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Maersk Line has announced it will order a series of eight green methanol and diesel-powered dual-fuel vessels of 16,000 teu each.
They will be delivered from Q1 24 onwards, with options on four more vessels to be delivered in 2025.
The ships will be built at Korea’s Hyundai Heavy Industries shipyard and will cost $175m each, a combined cost of $2.1bn, including 10-15% in additional capital costs for the dual fuel arrangement.
The ships are part of Maersk’s fleet replacement programme and their size is specifically designed to allow flexibility in their deployment.
Ole Graa Jakobsen, head of fleet technology, said: “We have not decided on the specific deployment yet,” and referring to competitors that had designed and built larger vessels, he added: “These vessels are not just for the Asia to Europe trade, they can be deployed on other routes, they’re flexible.”
Maersk expects the order for these dual-fuel vessels will stimulate a green methanol fuel market, but accepts that the ships may use conventional fuels in the early part of their deployment.
“Our intention is to operate the vessels 100% on methanol, but we have the back-up of VLSFO [very-low sulphur fuel oil] if necessary,” explained Mr Jakobsen.
Maersk believes it is not acceptable to say green fuels do not exist.
Berit Hinnemann, head of decarbonisation business development, said each ship would require a supply of 35,000-40,000 tonnes of methanol annually, and some would be bio-methanol, which is produced from biomass and waste products, and has a limited supply.
Being the first to in the uptake of green fuels means higher costs and green fuels do have higher costs, this is a key challenge, but “each partner must share the risk”, said Mr Jakobsen.
However, the Danish company expects the use of methanol and the creation of a market for the fuel will stimulate the production of e-methanol, which has a far more complex production process, through the use of waste carbon, electrolysis of water using excess energy from wind turbine power and capturing greenhouse gases.
Maersk said: “We do not intend to use recycled or fossil CO2 in the production of methanol for our fleet. Our aim is to use biogenic CO2 – or, at a later stage, CO2 from direct air capture – in the methanol for our vessels. This is also the case for our sourcing project for our e-methanol fuelled feeder, for which the biogenic CO2 is based on waste biomass.”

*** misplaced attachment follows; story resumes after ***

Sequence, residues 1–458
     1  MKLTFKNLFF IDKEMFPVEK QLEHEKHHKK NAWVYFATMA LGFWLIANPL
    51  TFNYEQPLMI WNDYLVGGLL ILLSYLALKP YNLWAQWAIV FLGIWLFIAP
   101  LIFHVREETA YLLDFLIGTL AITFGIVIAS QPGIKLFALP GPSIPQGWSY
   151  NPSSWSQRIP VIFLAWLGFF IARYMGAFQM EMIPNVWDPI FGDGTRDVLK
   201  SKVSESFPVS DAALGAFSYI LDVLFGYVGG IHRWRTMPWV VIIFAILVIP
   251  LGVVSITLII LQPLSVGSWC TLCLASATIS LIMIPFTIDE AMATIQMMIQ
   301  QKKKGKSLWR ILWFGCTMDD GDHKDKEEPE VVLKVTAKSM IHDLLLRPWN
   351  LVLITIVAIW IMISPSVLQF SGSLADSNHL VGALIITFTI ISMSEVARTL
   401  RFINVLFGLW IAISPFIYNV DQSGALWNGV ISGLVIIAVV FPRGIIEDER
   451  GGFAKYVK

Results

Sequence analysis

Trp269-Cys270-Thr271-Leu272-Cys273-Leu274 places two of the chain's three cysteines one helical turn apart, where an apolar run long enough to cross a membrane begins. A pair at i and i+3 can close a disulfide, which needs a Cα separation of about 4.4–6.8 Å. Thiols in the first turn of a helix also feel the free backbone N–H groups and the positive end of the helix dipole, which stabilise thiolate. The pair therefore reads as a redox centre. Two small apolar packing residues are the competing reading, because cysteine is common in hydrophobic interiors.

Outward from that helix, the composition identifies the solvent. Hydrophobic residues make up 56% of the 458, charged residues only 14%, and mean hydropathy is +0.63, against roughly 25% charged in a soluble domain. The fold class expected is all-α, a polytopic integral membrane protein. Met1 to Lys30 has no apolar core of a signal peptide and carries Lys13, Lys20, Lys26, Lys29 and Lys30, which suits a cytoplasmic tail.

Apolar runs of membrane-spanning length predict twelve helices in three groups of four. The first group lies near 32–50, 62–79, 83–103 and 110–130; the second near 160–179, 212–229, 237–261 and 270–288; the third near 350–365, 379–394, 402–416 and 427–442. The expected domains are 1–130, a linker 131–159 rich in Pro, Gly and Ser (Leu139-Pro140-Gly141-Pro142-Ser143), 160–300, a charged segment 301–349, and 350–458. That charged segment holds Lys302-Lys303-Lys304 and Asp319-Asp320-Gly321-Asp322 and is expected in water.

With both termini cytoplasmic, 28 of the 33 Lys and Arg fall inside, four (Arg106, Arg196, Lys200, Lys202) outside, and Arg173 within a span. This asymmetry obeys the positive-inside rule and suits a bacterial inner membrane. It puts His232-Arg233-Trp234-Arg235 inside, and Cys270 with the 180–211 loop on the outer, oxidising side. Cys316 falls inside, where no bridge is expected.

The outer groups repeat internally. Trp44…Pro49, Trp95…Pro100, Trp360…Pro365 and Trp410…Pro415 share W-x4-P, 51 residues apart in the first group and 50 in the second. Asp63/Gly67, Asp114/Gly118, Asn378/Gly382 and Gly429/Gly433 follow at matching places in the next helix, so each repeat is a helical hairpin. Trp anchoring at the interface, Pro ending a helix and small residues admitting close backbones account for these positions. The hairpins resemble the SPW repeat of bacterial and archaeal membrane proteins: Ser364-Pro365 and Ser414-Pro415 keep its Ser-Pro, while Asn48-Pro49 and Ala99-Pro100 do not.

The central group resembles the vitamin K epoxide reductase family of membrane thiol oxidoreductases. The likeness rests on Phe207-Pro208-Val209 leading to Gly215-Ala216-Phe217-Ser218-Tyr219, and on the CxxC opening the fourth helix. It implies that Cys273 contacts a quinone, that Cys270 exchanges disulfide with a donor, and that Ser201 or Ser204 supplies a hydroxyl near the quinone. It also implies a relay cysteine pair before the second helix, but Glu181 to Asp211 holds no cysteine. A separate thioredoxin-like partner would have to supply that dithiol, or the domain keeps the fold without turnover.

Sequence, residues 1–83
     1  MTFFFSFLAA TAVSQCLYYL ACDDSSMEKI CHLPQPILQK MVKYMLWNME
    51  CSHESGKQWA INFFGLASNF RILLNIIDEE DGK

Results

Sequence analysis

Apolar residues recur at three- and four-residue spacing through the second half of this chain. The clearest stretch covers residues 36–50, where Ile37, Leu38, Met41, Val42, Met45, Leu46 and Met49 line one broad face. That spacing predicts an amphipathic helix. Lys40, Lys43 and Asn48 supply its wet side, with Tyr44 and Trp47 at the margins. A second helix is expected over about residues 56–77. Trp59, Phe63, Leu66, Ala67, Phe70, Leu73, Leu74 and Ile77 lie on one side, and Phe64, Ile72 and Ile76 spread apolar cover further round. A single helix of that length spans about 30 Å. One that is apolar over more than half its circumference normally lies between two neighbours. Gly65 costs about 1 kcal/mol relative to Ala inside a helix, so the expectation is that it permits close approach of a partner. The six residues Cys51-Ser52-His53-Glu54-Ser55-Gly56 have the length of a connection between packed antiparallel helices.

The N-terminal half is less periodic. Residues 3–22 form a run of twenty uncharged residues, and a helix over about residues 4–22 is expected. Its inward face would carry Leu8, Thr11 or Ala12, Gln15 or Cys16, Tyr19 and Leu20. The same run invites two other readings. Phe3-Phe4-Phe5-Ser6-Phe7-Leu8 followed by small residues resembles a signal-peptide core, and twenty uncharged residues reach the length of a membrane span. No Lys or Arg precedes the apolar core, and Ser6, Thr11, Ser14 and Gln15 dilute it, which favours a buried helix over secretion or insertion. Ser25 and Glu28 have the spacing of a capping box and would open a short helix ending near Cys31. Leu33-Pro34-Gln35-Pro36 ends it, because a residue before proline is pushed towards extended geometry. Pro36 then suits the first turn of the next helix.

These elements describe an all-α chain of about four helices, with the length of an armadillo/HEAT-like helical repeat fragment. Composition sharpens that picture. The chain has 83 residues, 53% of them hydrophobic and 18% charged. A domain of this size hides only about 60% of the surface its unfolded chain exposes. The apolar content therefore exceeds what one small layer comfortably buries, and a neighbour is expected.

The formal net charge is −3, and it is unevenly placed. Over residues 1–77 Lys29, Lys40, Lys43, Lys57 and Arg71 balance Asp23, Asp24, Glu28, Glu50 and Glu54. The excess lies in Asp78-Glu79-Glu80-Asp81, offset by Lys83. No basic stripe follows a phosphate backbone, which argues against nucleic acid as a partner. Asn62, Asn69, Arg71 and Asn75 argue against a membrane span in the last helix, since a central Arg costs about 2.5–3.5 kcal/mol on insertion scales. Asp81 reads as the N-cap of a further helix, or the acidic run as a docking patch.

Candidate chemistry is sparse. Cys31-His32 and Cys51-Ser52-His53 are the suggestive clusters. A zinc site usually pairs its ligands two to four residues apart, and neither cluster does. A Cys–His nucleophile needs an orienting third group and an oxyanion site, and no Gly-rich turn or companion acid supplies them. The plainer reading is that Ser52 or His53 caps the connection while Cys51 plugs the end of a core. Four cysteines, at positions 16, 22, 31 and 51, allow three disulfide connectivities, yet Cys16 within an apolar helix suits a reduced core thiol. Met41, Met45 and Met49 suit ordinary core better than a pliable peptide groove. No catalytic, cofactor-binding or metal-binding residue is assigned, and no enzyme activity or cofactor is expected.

However, Madadh Maclaine, secretary general of the Zero Emissions Ship Technology Association, said: “It is irresponsible to capture carbon and then release it into the atmosphere again.”
Ms Maclaine added: “According to the UNFCC Climate report, ZESTA sees only one option: that we must make ‘drastic, rapid and large-scale reductions in greenhouse gases to limit global warming to 1.5 degrees’ by pursuing the ‘very low emissions scenario’, because we can.
“Any carbon that can be captured from stacks must not be re-released. CO2 captured directly from the air and re-released does not balance out, due to the time the re-emitted CO2 spends in the atmosphere.
“We must be cautious of net-zero accounting systems, as there tend to be holes big enough to sail the world fleet through. I’m afraid that ‘green’ methanol may be leading the fleet on a voyage to nowhere, or worse, to a sea of stranded assets.”
Maersk has said that more than half of its 200 largest customers have set – or are in the process of setting – ambitious zero-carbon targets for their supply chains. And some have already demonstrated their commitment to more sustainable supply chains.
Michelle Grose, head of logistics and fulfilment at Unilever, said: “Unilever is committed to accelerating the transition to clean transport solutions, not just in our own operations, but along global value chains, as we work to achieve net zero emissions by 2039. With logistics and distribution accounting for around 15% of our greenhouse gas emissions footprint, it’s important that we work with partners shifting to lower carbon fuels.”
And Leyla Ertur, head of sustainability at H&M Group, believes industry leaders have a responsibility to fight climate change and said: “We have the ambition to become climate-neutral by 2030 and climate-positive by 2040. We truly believe our climate actions should be co-created with our partners. Maersk’s investment in large vessels operating on green methanol is an important innovative step.”
AP Møller-Maersk CEO Soren Skou believes the “time to act is now” and he added: “This order proves that carbon neutral solutions are available today across container vessel segments and that Maersk stands committed to the growing number of our customers which look to decarbonise their supply chains.
“Further, this is a firm signal to fuel producers that sizable market demand for the green fuels of the future is emerging at speed.”